Posted by: Doug-E-Fresh on November 24, 2009 at 5:54 PM | PERMALINK

I don't know if Cantor is just stupid, or cynical (always a mystery with gooper politicians in particular), but I'm guessing it's more cynicism. Cantor is doing what nearly ALL goopers have been doing for at least 20 years: saying whatever seems opportune no matter how contradictory or hypocritical. They've all counting on low-information voters having no clue what they said last month, let alone last year.

These are long-used gooper tactics: who do you believe, me, or your lying eyes/ears? and throw-up-everything-and-see-what-sticks. The goopers have been doing this with a fair amount of success for nearly a half-century. I don't see them stopping now. They're too habituated to it.

In short, Cantor may be stupid, he may be cynical, he may be both, but mostly he just can't help himself because he's been doing and saying this kind of stupid, hypocritical nonsense for most of his career.

Posted by: LL on November 24, 2009 at 6:00 PM | PERMALINK

The phrase Cantor is looking for isn't "utter failure"; it's "Thank you, Mr. President."

Actually, this leads to a great idea. Progressives should run a series of campaign ads that consist of three parts. The first shows the Rethug du jour trashing stimulus. The second shows the same Rethug boasting and attempting to take credit for projects/jobs/etc. The third shows a smiling Obama saying "you're welcome". It would just drive the Rethugs and teabaggers insane.

Posted by: Chopin on November 24, 2009 at 7:31 PM | PERMALINK

I'm with Chopin, let's do youtube ads of this.
During the campaign people had great youtube ads & they got tons of play from MSNBC (olbermann) & the daily show.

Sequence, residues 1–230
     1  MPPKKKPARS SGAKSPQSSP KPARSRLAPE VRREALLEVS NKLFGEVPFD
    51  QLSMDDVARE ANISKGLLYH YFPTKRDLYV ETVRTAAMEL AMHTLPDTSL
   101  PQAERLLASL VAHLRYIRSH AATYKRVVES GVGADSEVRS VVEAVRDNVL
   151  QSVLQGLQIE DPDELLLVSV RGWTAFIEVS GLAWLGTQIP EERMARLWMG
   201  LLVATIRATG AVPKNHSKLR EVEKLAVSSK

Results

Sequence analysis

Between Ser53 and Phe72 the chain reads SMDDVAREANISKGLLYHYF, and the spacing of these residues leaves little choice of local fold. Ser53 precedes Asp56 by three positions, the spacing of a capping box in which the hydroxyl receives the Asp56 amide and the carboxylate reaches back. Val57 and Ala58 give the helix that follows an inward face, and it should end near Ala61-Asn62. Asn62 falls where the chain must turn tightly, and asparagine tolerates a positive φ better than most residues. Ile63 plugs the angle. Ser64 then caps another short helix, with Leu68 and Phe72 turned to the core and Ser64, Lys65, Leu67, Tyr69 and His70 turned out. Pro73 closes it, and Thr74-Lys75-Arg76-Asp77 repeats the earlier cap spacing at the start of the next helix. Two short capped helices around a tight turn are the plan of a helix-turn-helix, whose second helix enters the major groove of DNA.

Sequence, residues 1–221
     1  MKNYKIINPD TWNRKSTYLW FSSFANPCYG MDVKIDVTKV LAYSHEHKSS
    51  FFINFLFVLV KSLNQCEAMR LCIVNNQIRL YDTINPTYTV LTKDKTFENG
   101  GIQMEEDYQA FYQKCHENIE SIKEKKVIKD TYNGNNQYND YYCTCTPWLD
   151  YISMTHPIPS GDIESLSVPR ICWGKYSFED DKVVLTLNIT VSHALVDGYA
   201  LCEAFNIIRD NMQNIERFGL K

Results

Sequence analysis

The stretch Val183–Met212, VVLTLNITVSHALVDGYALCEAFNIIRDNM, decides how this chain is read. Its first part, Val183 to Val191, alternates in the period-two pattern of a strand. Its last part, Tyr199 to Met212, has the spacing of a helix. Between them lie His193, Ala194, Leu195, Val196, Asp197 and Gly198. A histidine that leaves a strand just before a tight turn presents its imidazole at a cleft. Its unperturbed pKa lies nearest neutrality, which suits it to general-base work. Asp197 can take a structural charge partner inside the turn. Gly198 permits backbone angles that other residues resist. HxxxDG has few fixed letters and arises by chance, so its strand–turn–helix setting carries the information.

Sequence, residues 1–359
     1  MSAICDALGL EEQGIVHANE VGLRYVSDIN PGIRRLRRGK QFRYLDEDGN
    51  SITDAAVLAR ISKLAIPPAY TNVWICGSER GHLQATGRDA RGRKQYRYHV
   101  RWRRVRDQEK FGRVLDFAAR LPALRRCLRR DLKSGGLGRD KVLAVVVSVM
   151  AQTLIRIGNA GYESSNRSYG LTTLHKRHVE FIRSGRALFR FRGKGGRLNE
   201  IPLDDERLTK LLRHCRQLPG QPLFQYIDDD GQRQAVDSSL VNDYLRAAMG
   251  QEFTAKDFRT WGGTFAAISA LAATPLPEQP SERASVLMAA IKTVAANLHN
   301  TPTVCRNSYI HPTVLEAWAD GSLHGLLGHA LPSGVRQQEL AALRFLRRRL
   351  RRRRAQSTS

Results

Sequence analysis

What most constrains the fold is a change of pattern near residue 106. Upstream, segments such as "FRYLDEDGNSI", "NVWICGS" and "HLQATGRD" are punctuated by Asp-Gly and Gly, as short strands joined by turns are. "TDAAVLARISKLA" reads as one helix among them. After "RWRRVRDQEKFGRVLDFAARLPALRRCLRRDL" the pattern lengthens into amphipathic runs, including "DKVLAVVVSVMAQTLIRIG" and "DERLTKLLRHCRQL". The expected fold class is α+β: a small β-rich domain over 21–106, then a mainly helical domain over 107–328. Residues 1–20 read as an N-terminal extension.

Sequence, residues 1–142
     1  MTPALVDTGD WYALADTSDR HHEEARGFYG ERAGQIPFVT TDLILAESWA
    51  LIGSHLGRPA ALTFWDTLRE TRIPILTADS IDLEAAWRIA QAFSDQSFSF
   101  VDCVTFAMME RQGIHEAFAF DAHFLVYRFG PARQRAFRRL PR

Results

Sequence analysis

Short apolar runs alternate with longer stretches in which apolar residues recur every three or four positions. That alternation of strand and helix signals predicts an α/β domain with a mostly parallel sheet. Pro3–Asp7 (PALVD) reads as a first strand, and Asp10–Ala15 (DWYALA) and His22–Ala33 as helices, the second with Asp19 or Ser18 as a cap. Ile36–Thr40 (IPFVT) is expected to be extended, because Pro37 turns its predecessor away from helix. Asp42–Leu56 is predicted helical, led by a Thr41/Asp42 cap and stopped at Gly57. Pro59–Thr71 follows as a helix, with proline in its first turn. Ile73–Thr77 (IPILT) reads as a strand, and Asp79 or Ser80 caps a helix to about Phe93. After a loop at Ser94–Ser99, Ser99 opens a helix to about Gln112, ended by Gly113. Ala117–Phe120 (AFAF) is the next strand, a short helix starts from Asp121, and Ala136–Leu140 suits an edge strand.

Posted by: vwmeggs on November 24, 2009 at 8:13 PM | PERMALINK

That, and then there's also this article that I found today (http://www.pressdisplay.com/pressdisplay/showlink.aspx?bookmarkid=ER26V4QXOLQ&preview=article&linkid=384e4fc2-823e-4fb7-b735-fd7f81a88734&pdaffid=ZVFwBG5jk4Kvl9OaBJc5%2bg%3d%3d) that, in all honesty, is a worthwhile and relevant read.

Hope this helps,
MediaMentions

Posted by: MediaMentions on November 24, 2009 at 9:21 PM | PERMALINK

I'm sure the White House has no interest in rubbing it in.

And that, in the proverbial nutshell, is the problem.

Yes, dammit! Rub it in, over and over again, until their elephant-hide skin bleeds. Call them out on it, every bleeping day!!

Do what THEY would do. Remember when anyone who uttered even a peep against the war was a traitor? Well why the bleep doesn't it cut both ways?!?

Posted by: efgoldman on November 24, 2009 at 9:22 PM | PERMALINK

"There are a handful of lawmakers who've developed an unearned reputation for intelligence, despite evidence of striking confusion and ignorance".

Eric Cantor has developed a reputation for intelligence? Among what group?